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Statute for Industrial Innovation

A Lose-Lose Proposition?


A Lose-Lose Proposition?


Taiwan's new Statute for Industrial Innovation slashes Taiwan's corporate income tax rate to the lowest level worldwide. But these tax cuts will blow a gaping hole in state finances, due to lost tax revenues of at least NT$138 billion.



A Lose-Lose Proposition?

By Rebecca Lin
From CommonWealth Magazine (vol. 445 )

On April 16 the lights were shining bright at the Legislative Yuan. Banging his gavel on the podium, Legislative Yuan president Wang Jin-pyng declared the Statute for Industrial Innovation adopted, after the draft was dramatically changed in just a week's time.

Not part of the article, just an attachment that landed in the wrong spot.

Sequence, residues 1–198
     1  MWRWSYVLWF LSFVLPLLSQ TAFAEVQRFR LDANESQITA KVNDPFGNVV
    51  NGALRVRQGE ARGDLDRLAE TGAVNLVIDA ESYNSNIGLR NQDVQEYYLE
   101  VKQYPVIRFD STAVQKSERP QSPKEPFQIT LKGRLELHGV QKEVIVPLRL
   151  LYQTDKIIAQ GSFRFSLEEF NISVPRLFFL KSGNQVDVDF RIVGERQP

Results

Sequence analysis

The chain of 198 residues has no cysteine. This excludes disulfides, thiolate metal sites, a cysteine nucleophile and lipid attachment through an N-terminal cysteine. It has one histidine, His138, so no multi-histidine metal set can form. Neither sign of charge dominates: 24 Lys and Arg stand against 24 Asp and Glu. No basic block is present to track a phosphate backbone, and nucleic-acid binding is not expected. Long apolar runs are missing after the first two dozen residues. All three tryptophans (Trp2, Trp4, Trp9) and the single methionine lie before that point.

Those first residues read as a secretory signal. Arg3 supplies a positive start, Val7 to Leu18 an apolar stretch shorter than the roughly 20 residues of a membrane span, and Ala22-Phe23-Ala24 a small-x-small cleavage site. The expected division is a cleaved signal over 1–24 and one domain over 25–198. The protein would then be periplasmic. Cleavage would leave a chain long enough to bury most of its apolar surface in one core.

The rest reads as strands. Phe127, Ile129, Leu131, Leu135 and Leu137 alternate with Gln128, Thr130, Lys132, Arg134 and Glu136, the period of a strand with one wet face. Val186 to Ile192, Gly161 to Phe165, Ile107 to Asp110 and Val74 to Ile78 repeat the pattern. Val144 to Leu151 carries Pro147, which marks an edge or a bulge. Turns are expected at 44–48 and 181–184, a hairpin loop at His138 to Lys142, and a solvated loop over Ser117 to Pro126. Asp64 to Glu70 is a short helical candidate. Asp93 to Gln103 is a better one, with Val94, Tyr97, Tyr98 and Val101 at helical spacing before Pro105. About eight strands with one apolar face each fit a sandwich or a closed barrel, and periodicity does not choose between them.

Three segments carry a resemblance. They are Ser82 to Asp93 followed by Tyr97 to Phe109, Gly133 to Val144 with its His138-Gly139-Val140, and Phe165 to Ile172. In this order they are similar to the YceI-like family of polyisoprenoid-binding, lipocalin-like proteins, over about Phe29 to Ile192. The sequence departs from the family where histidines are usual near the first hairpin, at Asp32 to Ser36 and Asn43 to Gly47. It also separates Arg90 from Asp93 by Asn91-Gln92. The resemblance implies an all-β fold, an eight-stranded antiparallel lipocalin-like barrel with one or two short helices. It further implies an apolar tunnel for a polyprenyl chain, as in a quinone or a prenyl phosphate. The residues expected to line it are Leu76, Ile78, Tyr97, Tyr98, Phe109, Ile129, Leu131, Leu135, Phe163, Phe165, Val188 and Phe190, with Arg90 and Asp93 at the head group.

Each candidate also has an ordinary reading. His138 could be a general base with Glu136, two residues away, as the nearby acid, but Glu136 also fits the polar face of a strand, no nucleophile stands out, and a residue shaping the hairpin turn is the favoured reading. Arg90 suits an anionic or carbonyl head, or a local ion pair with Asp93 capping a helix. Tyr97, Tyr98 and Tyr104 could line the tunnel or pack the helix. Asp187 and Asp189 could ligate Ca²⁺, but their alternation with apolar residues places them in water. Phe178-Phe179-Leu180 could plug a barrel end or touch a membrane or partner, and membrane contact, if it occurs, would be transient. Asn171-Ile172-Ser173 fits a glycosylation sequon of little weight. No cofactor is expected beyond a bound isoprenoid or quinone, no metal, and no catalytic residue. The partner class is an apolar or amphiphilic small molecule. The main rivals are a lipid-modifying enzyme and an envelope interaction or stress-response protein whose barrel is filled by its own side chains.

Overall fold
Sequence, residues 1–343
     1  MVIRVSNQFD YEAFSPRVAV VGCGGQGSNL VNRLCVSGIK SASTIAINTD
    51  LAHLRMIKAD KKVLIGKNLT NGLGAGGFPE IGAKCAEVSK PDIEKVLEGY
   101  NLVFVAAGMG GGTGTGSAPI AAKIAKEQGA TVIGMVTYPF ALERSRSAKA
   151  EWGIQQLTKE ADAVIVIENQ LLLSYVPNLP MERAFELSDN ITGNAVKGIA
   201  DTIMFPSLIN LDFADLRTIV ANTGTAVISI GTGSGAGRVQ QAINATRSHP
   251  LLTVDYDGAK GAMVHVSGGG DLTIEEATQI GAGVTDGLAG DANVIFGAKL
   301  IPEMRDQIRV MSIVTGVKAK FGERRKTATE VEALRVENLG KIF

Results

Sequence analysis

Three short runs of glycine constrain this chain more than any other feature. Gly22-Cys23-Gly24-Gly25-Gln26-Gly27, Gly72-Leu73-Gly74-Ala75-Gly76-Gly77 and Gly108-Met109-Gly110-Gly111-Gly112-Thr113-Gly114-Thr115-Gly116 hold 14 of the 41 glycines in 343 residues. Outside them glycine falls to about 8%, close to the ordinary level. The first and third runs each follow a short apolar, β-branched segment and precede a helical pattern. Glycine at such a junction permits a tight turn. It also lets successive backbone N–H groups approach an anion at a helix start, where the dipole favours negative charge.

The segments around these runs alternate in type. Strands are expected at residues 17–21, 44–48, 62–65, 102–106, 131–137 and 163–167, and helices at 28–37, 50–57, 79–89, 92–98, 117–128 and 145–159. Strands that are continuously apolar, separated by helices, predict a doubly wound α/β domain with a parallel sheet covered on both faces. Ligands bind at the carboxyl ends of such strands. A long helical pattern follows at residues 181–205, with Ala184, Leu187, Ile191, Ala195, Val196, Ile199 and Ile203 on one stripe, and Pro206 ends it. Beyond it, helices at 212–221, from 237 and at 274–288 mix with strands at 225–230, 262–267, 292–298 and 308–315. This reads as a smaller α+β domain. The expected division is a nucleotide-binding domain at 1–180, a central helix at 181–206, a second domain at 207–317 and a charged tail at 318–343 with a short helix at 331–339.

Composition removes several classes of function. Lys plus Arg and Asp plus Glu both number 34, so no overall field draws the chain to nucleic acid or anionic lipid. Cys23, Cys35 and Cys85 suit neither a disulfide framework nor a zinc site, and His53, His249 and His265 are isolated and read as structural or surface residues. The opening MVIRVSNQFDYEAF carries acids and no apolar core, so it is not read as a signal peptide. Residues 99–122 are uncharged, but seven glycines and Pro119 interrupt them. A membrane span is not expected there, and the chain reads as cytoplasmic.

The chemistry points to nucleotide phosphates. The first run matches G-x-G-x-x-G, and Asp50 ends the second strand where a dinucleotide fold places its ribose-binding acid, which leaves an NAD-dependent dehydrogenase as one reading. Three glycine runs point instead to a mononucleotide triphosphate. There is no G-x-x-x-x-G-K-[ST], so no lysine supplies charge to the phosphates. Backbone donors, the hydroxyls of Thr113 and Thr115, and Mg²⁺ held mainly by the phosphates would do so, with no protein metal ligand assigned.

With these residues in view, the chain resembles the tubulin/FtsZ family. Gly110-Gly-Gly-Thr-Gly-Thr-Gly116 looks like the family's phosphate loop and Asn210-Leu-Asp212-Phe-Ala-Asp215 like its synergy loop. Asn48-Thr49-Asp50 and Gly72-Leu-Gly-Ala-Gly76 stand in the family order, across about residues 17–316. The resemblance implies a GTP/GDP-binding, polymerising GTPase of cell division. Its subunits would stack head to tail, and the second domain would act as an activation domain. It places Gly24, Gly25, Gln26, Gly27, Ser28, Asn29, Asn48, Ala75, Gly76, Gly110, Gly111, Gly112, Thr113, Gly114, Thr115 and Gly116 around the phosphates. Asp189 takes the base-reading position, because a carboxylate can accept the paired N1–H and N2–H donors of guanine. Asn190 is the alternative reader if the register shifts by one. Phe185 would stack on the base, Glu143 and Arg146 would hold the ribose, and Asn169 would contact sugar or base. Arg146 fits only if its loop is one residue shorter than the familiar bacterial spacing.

The major opposition Democratic Progressive Party (DPP) had been advocating lowering the corporate income tax from 20 percent to 17.5 percent on the condition that all tax incentives be scrapped. Originally insisting that four categories of tax breaks be retained, the ruling Kuomintang (KMT) made a startling about-face, proposing to keep only one tax exemption – on investments in R&D and innovation – while cutting the corporate income tax to 17 percent, a version that came to be called "17 plus one."

As a result, the sparring between the blue (pro-KMT) and green (pro-DPP) camps over the content of the Statute for Industrial Innovation turned into a tax-cut competition. Now that the gavel has come down, the Taiwanese people need to ask themselves who the winners are, and who might end up the losers.